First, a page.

“Welcome the stranger”


Most Rev. John T. Folda, Bishop of Fargo

Recent weeks have been filled with news reports and a flurry of executive orders and court cases on the issues of immigration and settlement of refugees in our state and in our nation. For many years now, controversy has been brewing on the national scene over the need to correct a “broken” immigration system. In North Dakota, too, there is public discussion about how to “absorb” the immigrants and refugees who come to our state.

As a Church, we believe that every human person has innate dignity and inherent rights, and we all have a shared responsibility to protect the common good. Specifically, every nation has a right and a responsibility to control its own borders and to assure the safety and wellbeing of its citizens. To this end, any nation has the right to regulate the flow of immigrants and refugees into its territory. Our nation is governed by laws, and the laws regarding immigration should exist for a purpose: to protect the immigrants and to preserve the common good.

Some have argued that immigration has gotten out of control and needs to be reined in. But there also seems to be a growing sense of suspicion and even fear of those who come to this nation seeking a better life. There may be grounds for concern and caution, but we should not allow fear to completely dominate our view of those who wish to make a new home in our communities and neighborhoods. Rather than seeing them as a threat, our faith should enable us to see them as children of God, brothers and sisters who are looking for freedom, security, religious liberty, and peace. God commanded the people of Israel: “You shall love the alien as yourself, for you too were once aliens in the land of Egypt” (Lev. 19:34). Note well that we are called to love the alien, the foreigner in our midst.

During the Jubilee Year of Mercy, we paid special attention to the works of mercy, which include the exhortation to “welcome the stranger” (Mt. 25:31-46). Pope Francis reminded us that “Jesus Christ is always waiting to be recognized in migrants and refugees, in displaced persons and in exiles.” With the eyes of faith, should we not try to see the face of Christ in those who have left their homelands and often travelled great distances through danger and at great personal risk? It might be wise to remember that Jesus, Mary, and Joseph were also refugees who left their homeland and fled to Egypt under threat of death from Herod.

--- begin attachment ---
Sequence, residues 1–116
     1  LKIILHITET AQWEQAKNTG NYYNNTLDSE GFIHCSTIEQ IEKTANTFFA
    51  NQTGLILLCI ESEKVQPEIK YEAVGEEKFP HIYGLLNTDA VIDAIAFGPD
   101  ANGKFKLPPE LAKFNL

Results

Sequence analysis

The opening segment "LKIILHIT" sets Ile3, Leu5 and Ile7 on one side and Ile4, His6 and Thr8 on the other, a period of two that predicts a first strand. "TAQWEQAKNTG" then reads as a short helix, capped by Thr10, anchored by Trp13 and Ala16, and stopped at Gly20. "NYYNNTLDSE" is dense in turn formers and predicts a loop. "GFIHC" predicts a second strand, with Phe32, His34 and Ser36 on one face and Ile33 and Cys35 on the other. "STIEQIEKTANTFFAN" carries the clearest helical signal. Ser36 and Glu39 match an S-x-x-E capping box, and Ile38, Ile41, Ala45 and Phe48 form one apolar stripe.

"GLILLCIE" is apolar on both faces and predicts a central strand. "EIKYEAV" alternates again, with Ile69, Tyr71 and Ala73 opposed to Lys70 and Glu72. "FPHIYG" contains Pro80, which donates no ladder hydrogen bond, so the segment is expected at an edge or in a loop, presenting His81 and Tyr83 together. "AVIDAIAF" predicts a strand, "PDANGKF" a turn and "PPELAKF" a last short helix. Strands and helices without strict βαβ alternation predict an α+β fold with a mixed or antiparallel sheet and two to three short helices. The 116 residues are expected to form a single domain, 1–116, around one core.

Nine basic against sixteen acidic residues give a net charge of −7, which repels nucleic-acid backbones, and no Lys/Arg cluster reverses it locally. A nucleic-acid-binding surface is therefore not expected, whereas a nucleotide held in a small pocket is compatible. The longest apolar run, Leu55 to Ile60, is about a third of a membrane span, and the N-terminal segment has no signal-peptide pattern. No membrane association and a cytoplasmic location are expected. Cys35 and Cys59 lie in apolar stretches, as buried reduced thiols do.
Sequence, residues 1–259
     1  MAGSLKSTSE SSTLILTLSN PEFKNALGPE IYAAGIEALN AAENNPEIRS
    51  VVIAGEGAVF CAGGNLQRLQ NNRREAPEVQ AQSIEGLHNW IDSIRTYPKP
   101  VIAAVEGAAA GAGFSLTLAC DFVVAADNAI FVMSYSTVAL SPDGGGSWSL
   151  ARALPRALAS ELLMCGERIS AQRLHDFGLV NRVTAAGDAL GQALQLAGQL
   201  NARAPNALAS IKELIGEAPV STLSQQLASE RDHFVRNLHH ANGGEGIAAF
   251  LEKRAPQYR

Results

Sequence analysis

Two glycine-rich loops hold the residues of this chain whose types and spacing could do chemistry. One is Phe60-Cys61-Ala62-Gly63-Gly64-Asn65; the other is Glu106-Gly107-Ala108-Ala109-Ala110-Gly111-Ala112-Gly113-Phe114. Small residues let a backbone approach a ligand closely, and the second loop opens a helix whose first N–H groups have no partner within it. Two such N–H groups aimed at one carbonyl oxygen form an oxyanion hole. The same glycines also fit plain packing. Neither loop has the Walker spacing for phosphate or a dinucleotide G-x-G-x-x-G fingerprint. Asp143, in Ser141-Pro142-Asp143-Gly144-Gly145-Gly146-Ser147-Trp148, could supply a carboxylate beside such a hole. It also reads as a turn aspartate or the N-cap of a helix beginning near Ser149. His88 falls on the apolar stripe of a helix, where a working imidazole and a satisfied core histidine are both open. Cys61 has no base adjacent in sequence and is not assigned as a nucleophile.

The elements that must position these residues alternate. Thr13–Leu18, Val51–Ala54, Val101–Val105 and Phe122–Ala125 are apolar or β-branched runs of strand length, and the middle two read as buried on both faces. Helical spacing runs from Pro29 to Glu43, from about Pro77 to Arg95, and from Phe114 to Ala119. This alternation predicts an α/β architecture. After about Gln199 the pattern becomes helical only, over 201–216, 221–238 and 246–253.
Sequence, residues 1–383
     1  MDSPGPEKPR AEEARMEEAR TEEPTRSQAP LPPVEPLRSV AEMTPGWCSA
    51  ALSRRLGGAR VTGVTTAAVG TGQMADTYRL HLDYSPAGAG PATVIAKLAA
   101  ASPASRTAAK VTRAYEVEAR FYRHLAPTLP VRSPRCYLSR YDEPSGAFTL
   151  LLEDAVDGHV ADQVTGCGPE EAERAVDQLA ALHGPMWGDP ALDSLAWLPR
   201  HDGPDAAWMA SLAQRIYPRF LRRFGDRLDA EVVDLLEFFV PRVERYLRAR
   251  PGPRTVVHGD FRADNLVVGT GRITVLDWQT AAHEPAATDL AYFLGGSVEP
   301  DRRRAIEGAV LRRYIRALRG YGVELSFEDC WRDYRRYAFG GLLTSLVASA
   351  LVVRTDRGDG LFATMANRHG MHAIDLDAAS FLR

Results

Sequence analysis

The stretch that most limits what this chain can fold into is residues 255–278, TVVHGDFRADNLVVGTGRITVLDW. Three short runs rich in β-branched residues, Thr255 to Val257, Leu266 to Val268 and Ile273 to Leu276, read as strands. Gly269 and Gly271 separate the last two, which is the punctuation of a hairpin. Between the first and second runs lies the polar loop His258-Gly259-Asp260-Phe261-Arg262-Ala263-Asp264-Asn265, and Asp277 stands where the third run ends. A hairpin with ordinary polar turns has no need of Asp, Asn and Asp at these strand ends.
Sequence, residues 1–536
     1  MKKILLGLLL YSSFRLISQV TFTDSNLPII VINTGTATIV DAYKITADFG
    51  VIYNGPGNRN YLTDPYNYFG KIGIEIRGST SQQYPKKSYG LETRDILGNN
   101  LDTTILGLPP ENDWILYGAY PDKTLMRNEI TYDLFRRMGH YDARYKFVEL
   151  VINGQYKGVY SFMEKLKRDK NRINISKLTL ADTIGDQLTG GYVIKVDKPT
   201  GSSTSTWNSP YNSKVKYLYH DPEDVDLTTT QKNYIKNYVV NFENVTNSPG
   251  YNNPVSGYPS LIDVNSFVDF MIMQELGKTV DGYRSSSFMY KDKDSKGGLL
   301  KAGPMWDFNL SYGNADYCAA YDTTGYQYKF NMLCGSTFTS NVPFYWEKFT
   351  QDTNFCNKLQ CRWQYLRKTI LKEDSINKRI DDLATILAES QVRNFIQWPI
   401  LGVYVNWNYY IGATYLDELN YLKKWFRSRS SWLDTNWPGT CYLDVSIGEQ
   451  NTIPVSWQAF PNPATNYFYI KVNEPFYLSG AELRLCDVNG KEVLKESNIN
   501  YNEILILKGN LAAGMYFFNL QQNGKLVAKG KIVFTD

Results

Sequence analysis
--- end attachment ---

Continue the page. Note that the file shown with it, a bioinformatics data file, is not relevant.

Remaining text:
The history of the United States and of North Dakota is a story of immigration. Ours is a nation of immigrants. Our own state and diocese were settled by immigrants - Germans, Germans from Russia, Norwegians, French, Polish, Czechs, English, Irish, and many other ethnic groups. A significant number of these could be described as refugees who were fleeing from warfare, oppression, and poverty. And now, our history continues to be formed by other national groups from Africa, Asia, and Latin America who come to this country and now call it home. The Sudanese community here in Fargo is just one example of immigrants who fled terrible danger and finally can practice their Catholic faith and live in peace without facing daily threats to their very lives.

The Church has a long heritage of assisting migrants and refugees. For example, St. Frances Xavier Cabrini, an Italian nun, came to this country from Italy and spent her life assisting refugees and immigrants living in desperate need after their arrival in the United States. She also became a U.S. citizen and was the first citizen of this country to be canonized a saint. Our own Cardinal Aloisius Muench was also a champion of refugees. After World War II, he was sent by Pope Pius XII to Germany as the papal delegate, where he exerted enormous effort to assist the huge number of displaced persons who were homeless and starving in the devastation of post-war Europe.

We should not be naïve about potential threats to our peace and security. Our public officials have every reason to be careful and prudent in their oversight and regulation of immigration into our nation and state. Moreover, the Catechism of the Catholic Church affirms not only the obligations of our civic authorities but also the obligation of immigrants to respect and abide by the laws of their adopted country. But as members of the human family, we must always be willing to see the humanity of the refugee and the immigrant. Archbishop Jose Gomez of Los Angeles, who is himself an immigrant from Mexico, reminds us of the human reality we are dealing with: “It is important to remember that behind every statistic is a soul, a soul who has dignity as a child of God, a soul who has rights and needs that are both spiritual and material.” He goes on to say, “We cannot lose sight of their humanity without losing our own.”

Throughout the history of this country, Catholics have experienced their own measure of suspicion and discrimination. For many years, the dominant culture doubted that Catholic immigrants could be “good Americans.” So we, more than others, should be especially mindful of the need to welcome the stranger without undue suspicion or discrimination. Let us look with charity toward the stranger at our doors, and remember the words of Jesus: “Whatever you did for one of these least brothers of mine, you did for me” (Mt 25:40).